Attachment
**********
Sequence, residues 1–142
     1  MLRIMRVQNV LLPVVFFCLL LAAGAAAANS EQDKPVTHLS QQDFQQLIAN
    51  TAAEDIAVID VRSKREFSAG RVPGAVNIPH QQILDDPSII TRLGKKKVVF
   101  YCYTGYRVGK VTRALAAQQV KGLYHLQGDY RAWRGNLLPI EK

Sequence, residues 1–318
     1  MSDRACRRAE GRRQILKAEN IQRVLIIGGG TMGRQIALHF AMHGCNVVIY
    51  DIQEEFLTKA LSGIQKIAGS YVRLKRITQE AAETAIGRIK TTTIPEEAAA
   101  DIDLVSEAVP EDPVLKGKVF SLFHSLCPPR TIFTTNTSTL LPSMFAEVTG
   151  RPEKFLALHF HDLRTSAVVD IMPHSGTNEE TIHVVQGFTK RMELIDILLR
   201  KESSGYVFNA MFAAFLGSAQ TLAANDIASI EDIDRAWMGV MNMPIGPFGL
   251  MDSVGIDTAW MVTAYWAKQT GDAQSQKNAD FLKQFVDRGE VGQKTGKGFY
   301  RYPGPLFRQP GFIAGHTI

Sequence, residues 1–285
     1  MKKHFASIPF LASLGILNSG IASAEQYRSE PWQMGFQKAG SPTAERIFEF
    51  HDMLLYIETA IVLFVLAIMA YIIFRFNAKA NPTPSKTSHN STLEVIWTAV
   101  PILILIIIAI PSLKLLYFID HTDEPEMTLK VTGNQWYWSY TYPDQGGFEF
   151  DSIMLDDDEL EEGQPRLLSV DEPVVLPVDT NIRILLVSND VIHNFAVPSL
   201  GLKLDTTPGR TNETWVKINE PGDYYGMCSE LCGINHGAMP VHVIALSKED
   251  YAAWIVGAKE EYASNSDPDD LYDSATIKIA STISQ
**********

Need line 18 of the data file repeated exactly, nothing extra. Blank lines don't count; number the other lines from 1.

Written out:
   201  GLKLDTTPGR TNETWVKINE PGDYYGMCSE LCGINHGAMP VHVIALSKED